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Sussex Fair Shows New Jersey at Its Best
Gregory J. Rummo
AUGUST 4, 2002
New Jersey has the unfortunate reputation throughout the country as “The Armpit of America.” And that opinion is not just in the minds of the people who live in the Grand Tetons, or in fly-over states like Iowa, Kansas and Nebraska, where, incidentally my business frequently takes me so I know what they think about us out there.
There are some guilty culprits right in our own backyard. Remember, for example, the sign that used to be along I-78 - “Welcome To Pennsylvania -- America Begins Here?”
A lot of the misconceptions about New Jersey being a cramped, smelly, dirty, hot and humid place infested with bugs is a result of the way most visitors arrive at our doorstep—through Newark airport. Admittedly, that last 20 miles on final approach is enough to depress even me.
But hey, we are the “Garden State” after
all. We are not the “Refinery State” or the “Inner City” state. There has to be
a reason that moniker appears on our license plates. This week, the folks in
Upstate New Jersey are doing their best dispel those ugly rumors at the Sussex
County Farm & Horse Show, running this week at the Sussex County Fairgrounds. It
wasn’t cramped—there’s 125 acres on which to spread out on the fairgrounds in
Augusta, NJ. But it was smelly, dirty, hot and humid and infested with bugs—just
what you’d expect when you pack several thousand
I went with my family and a small group of friends from our church. Two of the couples in particular were really looking forward to the NJ State Fair this year—the Blacks who are from St. Francis, Minnesota, a small town where loons call softly in the evenings, and the Garrisons who come from Kentucky.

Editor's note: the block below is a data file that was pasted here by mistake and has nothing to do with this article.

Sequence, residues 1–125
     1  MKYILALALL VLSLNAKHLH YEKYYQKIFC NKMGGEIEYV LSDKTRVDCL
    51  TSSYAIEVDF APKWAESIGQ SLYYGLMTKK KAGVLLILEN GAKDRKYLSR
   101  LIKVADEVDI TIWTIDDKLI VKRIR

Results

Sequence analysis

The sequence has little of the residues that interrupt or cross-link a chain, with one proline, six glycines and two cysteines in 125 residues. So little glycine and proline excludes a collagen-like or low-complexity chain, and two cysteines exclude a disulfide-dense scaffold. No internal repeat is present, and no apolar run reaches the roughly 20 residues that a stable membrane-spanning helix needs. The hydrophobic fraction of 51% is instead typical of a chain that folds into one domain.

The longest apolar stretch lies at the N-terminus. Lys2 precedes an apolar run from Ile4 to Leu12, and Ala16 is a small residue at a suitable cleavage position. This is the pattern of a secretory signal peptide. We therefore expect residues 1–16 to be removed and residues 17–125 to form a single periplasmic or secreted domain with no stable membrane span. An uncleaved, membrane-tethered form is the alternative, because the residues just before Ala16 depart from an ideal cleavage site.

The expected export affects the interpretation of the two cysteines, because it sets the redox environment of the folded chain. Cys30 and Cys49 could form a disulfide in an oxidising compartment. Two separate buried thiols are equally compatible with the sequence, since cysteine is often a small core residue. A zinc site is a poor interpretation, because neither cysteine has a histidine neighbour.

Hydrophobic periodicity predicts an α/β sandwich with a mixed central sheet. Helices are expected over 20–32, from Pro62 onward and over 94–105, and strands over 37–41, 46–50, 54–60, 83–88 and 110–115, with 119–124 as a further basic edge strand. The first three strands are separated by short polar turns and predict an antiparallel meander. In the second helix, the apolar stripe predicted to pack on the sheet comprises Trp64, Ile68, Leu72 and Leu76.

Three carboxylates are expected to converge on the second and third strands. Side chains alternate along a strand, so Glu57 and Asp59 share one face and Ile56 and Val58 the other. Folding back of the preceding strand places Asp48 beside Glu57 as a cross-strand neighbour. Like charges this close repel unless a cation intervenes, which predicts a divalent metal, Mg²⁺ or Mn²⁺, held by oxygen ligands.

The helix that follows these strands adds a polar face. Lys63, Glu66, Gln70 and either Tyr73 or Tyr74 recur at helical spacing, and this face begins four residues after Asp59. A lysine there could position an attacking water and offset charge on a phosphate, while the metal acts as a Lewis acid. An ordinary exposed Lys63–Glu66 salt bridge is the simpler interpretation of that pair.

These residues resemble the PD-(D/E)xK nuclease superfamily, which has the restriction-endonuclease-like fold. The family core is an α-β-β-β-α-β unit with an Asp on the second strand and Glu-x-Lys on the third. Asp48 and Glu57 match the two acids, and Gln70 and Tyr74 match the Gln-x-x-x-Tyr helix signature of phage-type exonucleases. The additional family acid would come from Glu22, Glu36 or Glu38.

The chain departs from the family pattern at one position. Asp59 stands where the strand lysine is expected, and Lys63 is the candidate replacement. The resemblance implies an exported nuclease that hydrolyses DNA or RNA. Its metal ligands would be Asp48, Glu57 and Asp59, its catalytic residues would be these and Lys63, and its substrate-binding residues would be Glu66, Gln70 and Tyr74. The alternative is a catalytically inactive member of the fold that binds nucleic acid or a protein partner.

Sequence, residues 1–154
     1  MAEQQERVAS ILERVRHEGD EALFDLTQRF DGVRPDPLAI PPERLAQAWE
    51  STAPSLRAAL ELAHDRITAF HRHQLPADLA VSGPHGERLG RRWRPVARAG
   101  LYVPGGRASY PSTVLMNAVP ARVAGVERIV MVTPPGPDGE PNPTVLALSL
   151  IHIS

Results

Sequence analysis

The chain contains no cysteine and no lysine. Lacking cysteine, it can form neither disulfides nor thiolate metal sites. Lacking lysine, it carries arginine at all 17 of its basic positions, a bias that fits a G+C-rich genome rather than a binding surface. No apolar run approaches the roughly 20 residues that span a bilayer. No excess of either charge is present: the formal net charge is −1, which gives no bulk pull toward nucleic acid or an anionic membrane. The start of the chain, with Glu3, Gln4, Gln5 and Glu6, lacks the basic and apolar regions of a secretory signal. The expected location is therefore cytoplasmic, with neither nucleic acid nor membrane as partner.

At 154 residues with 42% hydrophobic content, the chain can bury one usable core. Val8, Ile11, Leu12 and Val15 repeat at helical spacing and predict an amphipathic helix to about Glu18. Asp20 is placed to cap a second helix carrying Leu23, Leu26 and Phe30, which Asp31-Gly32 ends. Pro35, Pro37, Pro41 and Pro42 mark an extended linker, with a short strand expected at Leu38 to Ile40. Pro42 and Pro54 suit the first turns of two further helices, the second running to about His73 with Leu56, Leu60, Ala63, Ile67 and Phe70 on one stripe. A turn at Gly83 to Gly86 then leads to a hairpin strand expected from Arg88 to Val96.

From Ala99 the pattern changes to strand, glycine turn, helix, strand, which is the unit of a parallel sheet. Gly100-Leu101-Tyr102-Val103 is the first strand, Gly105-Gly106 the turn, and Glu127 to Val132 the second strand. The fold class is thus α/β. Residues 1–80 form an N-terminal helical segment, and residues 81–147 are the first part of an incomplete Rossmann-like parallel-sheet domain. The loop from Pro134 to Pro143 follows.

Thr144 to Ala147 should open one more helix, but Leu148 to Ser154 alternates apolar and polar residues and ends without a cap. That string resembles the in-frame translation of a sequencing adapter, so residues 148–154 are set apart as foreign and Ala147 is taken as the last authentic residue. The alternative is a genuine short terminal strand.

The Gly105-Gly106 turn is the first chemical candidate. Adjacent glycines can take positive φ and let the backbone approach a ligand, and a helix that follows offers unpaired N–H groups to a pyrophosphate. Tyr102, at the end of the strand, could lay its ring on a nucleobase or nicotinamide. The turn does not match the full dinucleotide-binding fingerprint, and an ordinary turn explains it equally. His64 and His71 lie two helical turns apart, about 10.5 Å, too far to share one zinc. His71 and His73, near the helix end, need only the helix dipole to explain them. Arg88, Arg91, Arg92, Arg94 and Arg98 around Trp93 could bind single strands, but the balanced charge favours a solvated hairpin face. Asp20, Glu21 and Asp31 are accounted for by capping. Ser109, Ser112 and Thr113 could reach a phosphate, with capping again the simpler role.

State Fairs were made for people like the Blacks and the Garrisons, who both now live in Paterson. The sight of fresh vegetables with the dirt still clinging to them and the smell of animal manure helps them keep their sanity while living and working in the most densely populated state, where the melodious calls of loons have been supplanted by things like the shrill wail of emergency vehicles and booming bass lines from 300-watt car stereos playing rap music at 3:00 AM.
Chris Garrison’s grandfather owned a 9-acre farm in rural Kentucky. “I would help him with taking care of it. I do know how to drive a farm tractor,” he told me with an obvious longing in his voice. “I can plant corn, pick potatoes, drive a tractor and can vegetables.”
“All of my family grew up on farms,” he continued, “and we went to every state fair every year-the tractor pulls, greasy food, rickety rides and the livestock-been there done that.”
Brandon Black also grew up in a farming community. “But I never lived on a farm. I just helped out once in awhile. Now my wife Sharon — she practically grew up in a corn field.”
According to both the Garrisons and the Blacks, the Sussex County Fair had the right mix of all of these things—the greasy food, (Yum, the fried Zeppole were delicious), the rickety rides, the livestock and even the tractor pulls - two of them on the day we were there. (It’s rumored the Garrison’s had their first date at a tractor pull).
You’ll want to make several copies of this column for those folks you happen to know who relish poking fun at us, thinking New Jersey is nothing more than an open sewer running into New York Harbor. Use it as a reminder that we have 127 miles of white sand beaches, 70 miles of the Appalachian Trail that winds through our forests and the largest tract of open space east of the Mississippi—the 1.1 million-acre Pine Barrens National Reserve.
Explain to those out-of-state infidels that we don't call New Jersey "The Garden State" for nothing. The state’s official website boasts over 150 types of fruits and vegetables grown here on 9,400 farms. New Jersey ranks high in cultivated and fresh market produce output for the United States: second in blueberries and eggplant, third in cranberries, peaches, spinach, and bell peppers, fourth in asparagus, and fifth in head lettuce.
If you mail a copy of this column to a friend, you might also like to consider including one of those sweatshirts — you know — the one with the heart-warming message emblazoned across the chest: “Welcome to New Jersey - now go home!”
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